By Ellie Kinnaird
[Editor’s note: This open letter to the Orange County Commissioners was sent before the developer of large gas stations pulled out of a plan last week to build a station near Efland.]
Dear Chair Price and Commissioners,
I understand how hard it is for leaders in making difficult decisions in public policy. The Efland Station presents just such a decision: people over the environment.
First, I don’t believe that the environmental concerns are as presented by the opponents of the project. The economic development zones were created to provide some economic development in a county that was, if not hostile to commercial and industrial development, as least reluctant to allow it most places in the county.
The environment has always taken precedent in policy. I know, I was part of the Carrboro Board of Aldermen that put the strictest watershed protections in the state in the 1980s. I was also part of the three-part agreement that set up the Transition zones and Rural Buffer.
But what I have come to realize was that there is an imbalance in our public policy. Because of animosity to commercial and industrial sources of revenue, our tax base became increasingly placed on homeowners, with fewer resources for needs such as affordable housing. Indeed, Orange County taxes fall exponentially on homeowners compared with other counties. This has led to a severe shortage of modestly priced and low-income housing. All four governments struggle with this, without addressing the root cause: the lack of a diverse tax base driving low-income residents out of the county.
The residents of Efland have worked closely with the county planning staff, keeping in mind economic development goals and environmental protection. For 40 years they have asked for help in revitalizing their area. Now a project has been put forward which will do exactly that.
There are two stated bases for the opposition to the re-zoning of the Buc-ee’s in the I-85 Economic Zone. The first is environmental. The Economic Development Zones were created purposely for commercial and industrial development in areas that were not environmentally sensitive and would yield considerable tax benefit. In this case, the environmental concerns were addressed in the agreement between planning staff and Buc-ee’s with measures that are stringent and reliable. Buc-ee’s will set aside around 40 percent of the total 104-acre site for open space, storm water devices, etc.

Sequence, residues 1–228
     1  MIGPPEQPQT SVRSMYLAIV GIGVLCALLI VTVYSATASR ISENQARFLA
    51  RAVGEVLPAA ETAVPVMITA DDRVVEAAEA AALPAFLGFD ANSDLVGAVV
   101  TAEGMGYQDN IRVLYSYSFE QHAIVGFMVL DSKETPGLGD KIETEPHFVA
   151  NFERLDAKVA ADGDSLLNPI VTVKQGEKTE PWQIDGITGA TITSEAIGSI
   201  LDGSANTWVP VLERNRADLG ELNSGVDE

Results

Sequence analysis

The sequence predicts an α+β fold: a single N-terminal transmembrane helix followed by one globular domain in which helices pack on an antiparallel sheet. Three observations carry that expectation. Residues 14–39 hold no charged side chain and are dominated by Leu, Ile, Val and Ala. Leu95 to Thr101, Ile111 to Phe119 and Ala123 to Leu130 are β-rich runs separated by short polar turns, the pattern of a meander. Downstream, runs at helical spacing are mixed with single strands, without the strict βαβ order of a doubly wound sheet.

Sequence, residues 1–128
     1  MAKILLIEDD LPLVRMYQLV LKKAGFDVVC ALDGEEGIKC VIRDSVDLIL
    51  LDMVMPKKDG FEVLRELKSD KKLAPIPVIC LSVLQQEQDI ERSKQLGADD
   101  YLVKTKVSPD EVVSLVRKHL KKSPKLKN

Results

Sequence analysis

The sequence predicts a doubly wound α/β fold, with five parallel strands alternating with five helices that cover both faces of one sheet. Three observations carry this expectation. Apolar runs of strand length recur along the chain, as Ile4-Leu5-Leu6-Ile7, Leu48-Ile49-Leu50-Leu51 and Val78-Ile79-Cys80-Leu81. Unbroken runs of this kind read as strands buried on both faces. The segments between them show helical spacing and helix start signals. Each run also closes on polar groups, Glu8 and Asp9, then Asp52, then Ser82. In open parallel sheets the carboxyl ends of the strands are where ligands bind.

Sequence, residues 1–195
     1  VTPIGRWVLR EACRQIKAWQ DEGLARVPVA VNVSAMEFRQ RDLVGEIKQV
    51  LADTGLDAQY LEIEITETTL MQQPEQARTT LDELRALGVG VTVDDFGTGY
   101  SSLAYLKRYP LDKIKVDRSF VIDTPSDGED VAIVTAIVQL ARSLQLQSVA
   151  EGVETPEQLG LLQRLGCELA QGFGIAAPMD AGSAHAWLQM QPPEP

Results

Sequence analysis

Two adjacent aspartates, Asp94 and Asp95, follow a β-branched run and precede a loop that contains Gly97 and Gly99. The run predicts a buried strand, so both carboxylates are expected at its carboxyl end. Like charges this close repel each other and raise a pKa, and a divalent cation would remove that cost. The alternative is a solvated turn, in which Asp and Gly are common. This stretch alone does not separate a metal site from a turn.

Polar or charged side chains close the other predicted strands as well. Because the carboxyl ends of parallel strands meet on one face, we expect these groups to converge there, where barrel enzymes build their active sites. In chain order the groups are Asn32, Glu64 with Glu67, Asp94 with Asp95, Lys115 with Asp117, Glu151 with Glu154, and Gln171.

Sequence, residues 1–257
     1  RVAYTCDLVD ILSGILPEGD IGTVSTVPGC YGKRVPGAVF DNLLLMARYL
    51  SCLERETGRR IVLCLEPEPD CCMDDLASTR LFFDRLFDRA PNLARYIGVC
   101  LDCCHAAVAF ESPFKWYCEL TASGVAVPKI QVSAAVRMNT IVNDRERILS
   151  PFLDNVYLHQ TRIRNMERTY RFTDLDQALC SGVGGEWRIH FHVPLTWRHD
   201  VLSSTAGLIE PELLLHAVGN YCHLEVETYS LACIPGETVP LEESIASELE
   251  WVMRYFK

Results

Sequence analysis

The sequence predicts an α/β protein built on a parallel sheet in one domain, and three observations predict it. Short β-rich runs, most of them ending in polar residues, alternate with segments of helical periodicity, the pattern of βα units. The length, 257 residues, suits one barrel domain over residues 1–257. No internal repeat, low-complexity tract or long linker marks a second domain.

The second objection is that the county’s goal is to transition from gas-fueled cars to electric vehicles in our effort to stop climate change. But it is aspirational to think that if Orange County does not approve the Buc-ee’s project, cars will stop buying gasoline along the highway. Buc-ee’s will just build the business in another near-by county which could well not require the environmental requirements of Orange County while reaping the taxes we will have lost.
In fact, Orange County residents will most likely stop at a Buc’-ees as they travel, just as they now shop at Tangers and New Hope Commons and the Chatham County Walmart, all of which Orange County rejected.
The time frame for electric cars overtaking gasoline-fueled cars is at least 20-30 years in the future and replacing all gasoline cars is at least another 30 years beyond that. It is reasonable to assume that as the transition from gas-powered cars are replaced by electric vehicles, that Buc-ee’s will replace their gas fuel pumps with electric stations. In fact, we could become a model by becoming the largest users of electric cars in the state with the Buc-ee’s’ electric charging stations.
Another long-time goal of Orange County is to provide jobs that pay well with benefits. Buc-ee’s’ stated intent is to create approximately 200 full-time positions, with the least skilled jobs averaging $15/hour, and higher pay for the remainder of the jobs, all with health and related employee benefits after 30 days.
Contrast that with Wegmans, when it asked for the incentives, proposed $12 an hour with many part-time employees with no benefits.
Orange County gave $4 million in incentives to Wegmans, which taxpayers will be financing for years. In stark contrast, Buc-ee’s asked for no taxpayer subsidized incentives and will bring in $1 million in taxes that could build adequate affordable housing in our over-priced housing market that forces people, except the comfortable and affluent, out of Orange County to find homes.
I ask you to approve the re-zoning that would allow the Buc-ee’s to build what your local constituents have asked you to do and that will yield benefits to all Orange County residents.
Ellie Kinnaird, a former mayor of Carrboro and a long-time state senator, is a resident of Chapel Hill.
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